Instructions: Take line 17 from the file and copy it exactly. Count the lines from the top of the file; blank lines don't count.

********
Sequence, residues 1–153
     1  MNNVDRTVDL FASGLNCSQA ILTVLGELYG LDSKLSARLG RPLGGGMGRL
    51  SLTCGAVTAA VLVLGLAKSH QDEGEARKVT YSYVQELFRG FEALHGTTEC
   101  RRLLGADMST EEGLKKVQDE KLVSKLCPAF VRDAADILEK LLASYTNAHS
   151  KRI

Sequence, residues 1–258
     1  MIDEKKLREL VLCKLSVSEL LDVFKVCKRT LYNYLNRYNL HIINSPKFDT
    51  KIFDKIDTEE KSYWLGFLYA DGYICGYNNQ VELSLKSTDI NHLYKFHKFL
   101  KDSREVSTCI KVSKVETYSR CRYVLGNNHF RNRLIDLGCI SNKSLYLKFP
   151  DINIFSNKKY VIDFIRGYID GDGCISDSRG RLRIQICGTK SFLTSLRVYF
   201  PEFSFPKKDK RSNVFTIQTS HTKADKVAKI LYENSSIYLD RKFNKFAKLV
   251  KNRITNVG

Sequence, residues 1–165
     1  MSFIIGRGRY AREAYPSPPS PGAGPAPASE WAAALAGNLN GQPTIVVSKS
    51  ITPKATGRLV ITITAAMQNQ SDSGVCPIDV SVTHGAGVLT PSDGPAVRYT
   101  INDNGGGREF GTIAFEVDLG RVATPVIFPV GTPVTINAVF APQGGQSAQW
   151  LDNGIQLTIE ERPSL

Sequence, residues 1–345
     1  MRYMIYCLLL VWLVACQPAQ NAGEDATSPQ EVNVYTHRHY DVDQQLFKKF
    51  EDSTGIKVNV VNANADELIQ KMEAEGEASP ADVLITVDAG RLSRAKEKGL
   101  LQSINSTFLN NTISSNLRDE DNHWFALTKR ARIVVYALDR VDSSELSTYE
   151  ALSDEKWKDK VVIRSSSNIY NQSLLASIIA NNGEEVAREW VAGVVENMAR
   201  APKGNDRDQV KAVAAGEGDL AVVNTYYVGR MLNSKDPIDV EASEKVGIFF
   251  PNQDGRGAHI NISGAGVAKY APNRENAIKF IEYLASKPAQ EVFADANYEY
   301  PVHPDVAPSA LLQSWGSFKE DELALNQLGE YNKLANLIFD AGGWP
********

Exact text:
   151  LDNGIQLTIE ERPSL